Forty-eight controls were also recruited and similar blood samples were obtained. Exclusion criteria for the control population included no current illness, no history of coronary artery disease or cerebrovascular accident, no recent ingestion of nonsteroidal inflammatory agents including aspirin. Samples for the individual tests were run soon after venipuncture. The institutional review board approved the study protocol.

Sample Handling

A single 15-ml blood sample obtained via an aseptic venipuncture prior to any therapeutic measure was placed into evacuated tubes containing 3.8% sodium citrate. Collagen-induced platelet aggregation, measurements of platelet contractile force (PCF) and elastic modulus (EM) were run in duplicates on whole blood.

Platelet Aggregation

Platelet aggregation was measured utilizing a Chrono-Log® whole blood lumi-aggregometer. 450 μL of citrated whole blood was mixed with 450 μL of saline and placed in an aggregometer cuvette equipped with a stirring bar. Platelet aggregation was induced by the addition of collagen (3 mg/ml, Chronolog, Havertown, Pa.) and the change in impedance was monitored for six minutes.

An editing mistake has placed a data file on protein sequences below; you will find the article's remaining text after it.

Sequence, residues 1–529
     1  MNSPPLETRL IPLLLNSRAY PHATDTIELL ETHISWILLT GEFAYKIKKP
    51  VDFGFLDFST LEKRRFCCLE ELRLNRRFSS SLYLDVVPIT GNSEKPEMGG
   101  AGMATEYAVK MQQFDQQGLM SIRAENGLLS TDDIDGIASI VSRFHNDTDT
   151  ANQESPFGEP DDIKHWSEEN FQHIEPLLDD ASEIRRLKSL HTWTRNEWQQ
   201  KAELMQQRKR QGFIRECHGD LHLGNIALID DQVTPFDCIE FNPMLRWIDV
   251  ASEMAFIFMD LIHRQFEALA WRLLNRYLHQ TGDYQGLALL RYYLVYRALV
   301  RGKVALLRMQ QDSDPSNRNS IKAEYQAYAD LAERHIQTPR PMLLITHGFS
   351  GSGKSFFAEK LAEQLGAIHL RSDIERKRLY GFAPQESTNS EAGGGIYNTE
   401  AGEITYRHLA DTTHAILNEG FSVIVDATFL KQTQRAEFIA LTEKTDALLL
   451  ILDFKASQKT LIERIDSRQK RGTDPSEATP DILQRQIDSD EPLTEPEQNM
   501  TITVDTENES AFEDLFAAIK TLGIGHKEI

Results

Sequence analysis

Measurement of Platelet Contractile Force and Clot Elastic Modulus/Clot Formation

Human thrombin, greater than 90% alpha, was purchased as a lyophilized powder from Sigma Chemical Co. (St. Louis, Mo.). The material with a specific gravity of 3000 NIH units/ml was dissolved in water, diluted with 0.10 M NaCl to a final concentration of 225 units/ml, divided into 50 μL lots and frozen at 80° C. Thrombin was free of plasmin and plasminogen. Nanopure water was used in the preparations of all solutions. Clotting was initiated by adding thrombin (1 NIH unit/ml) and calcium chloride (10 mM) to 700 μL of whole blood. Force development was measured for 900 seconds.